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Benin Bronzes made of German brass

April 5, 2023

Many of the famous Benin Bronzes pillaged by British colonial officers in 1897 are made of brass manillas from the German Rhineland, new research shows.

https://p.dw.com/p/4PhuL
Blue gloves handling Benin Bronze
The Benin Bronzes have become a symbol of debates about restitution and colonial capture of native artImage: Robert Michael/dpa/picture alliance

For years, researchers have puzzled over the origins of metals used for the famous brass sculptures and plaques pillaged during Britain's 1897 colonial capture of the Kingdom of Benin (present-day Nigeria).

The vast majority of the Benin Bronzes were pillaged during that initial raid, before the UK took over the brass trade in West Africa. 

There are over 3,000 Benin Bronzes in total, but most are displayed in European and North American institutions — like the Ethnological Museum of Berlin and the British Museum in London. Only a few are currently held in museums in Nigeria.

Benin bronze metal source a mystery

Researchers have long suspected that the brass used to create the impressive sculptures was transported to Benin via Portuguese trade routes in the 15th century, but they haven't been able to pinpoint where the metals originated in Europe.

A study published Wednesday by researchers at the Technische Hochschule Georg Agricola in the German city of Bochum offers evidence that much of the material used to create Benin's 16th and 17th century bronzes came from Germany's Rhineland region.

"The Benin Bronzes are the most famous ancient works of art in all West Africa," study author Tobias Skowronek said in a statement. "Finally, we can prove the totally unexpected: the brass used for the Benin masterpieces, long thought to come from Britain or Flanders, was mined in western Germany. This is the first time a scientific link has been made."

Nigeria | Rückgabe der Benin-Bronzen in Abuja
Germany has restituted some Benin Bronzes pillaged during 19th and 20th- century colonial invasions to Nigeria Image: Florian Gaertner/photothek/IMAGO

Manillas a possible source

Historians have long suspected the Benin Bronzes were crafted out of manillas, distinctive horseshoe-shaped items shipped to Africa by the Portuguese in the late 15th century.

Manillas were made from bronze, copper or brass and used as currency. They were originally made in sevearal Europen countries at different times in history then shipped to Africa via European traders.

Researchers thought that by tracing the history of manillas, they could find the source of the brass used in the Benin Bronzes.

Work by Rolf Denk, author of The West African Manilla Currency, identified three main types of manillas used in West Africa between 1439 and 2019.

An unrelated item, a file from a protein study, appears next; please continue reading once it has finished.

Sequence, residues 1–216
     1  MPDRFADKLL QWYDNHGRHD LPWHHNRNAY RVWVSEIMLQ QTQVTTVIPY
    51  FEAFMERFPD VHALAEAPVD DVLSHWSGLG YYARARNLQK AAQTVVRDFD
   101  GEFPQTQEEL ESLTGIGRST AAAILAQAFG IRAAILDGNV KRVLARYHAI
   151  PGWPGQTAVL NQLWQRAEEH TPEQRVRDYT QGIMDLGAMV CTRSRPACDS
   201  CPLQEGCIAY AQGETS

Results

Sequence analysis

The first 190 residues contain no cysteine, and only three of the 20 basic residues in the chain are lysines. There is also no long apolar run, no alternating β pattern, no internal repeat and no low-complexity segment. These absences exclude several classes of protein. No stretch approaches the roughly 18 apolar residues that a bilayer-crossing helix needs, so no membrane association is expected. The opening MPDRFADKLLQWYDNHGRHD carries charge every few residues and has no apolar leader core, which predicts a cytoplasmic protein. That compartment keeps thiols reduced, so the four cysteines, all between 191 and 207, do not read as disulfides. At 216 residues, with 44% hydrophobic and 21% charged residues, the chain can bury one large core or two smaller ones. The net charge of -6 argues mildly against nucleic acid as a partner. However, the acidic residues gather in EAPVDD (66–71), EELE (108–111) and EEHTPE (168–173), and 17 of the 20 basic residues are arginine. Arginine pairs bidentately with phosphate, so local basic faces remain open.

Early manillas traded by the Portuguese known as "tacoais" dated back to 1450. They were traded in the Kingdom of Benin and Elmina (present-day Ghana), and were made from metal originating in Germany.

A second type were the "Birmingham" manillas, which were used from 1625 to 1949 in present-day southeast Nigeria. They were made from metals in the UK.

A third type used from 1600 to 1914 — "popo" manillas — were distinct from both the Birmingham and the tacoais and traded in Ivory Coast. They were made in the UK, Netherlands, Portugal, and France.

Benin Bronze sculpture
Many Benin Bronzes are not made of bronze but rather a mixture of tin, brass and copperImage: Jan Woitas/dpa/picture alliance

Manilla classification system cracks code

The new study from Germany has pieced the puzzle together using Denk's classification system combined with chemical analysis of manillas and Benin Bronzes.

The researchers analysed around 70 manillas physically identifiable as "tacoais" from shipwrecks in African, American and European waters between the 16th and 19th centuries.

The composition of the tacoais manillas, they found, was very similar to the composition of Benin Bronzes. They both contained ores from Germany's Rhineland.

The authors concluded that artisans in Benin likely melted down the manillas originating in Germany to make the Benin Bronzes.

"This study definitively identifies the Rhineland as the principal source of manillas at the opening of the Portuguese trade," the authors wrote in the study. "Millions of these artifacts were sent to West Africa where they likely provided the major, virtually the only, source of brass for West African casters between the 15th and the 18th centuries, including serving as the principal metal source of the Benin Bronzes."

The authors added that their research provides new insights into early Atlantic trade and African use of European goods.

Edited by: Fred Schwaller

Clare Roth
Clare Roth Editor and reporter focusing on science and migration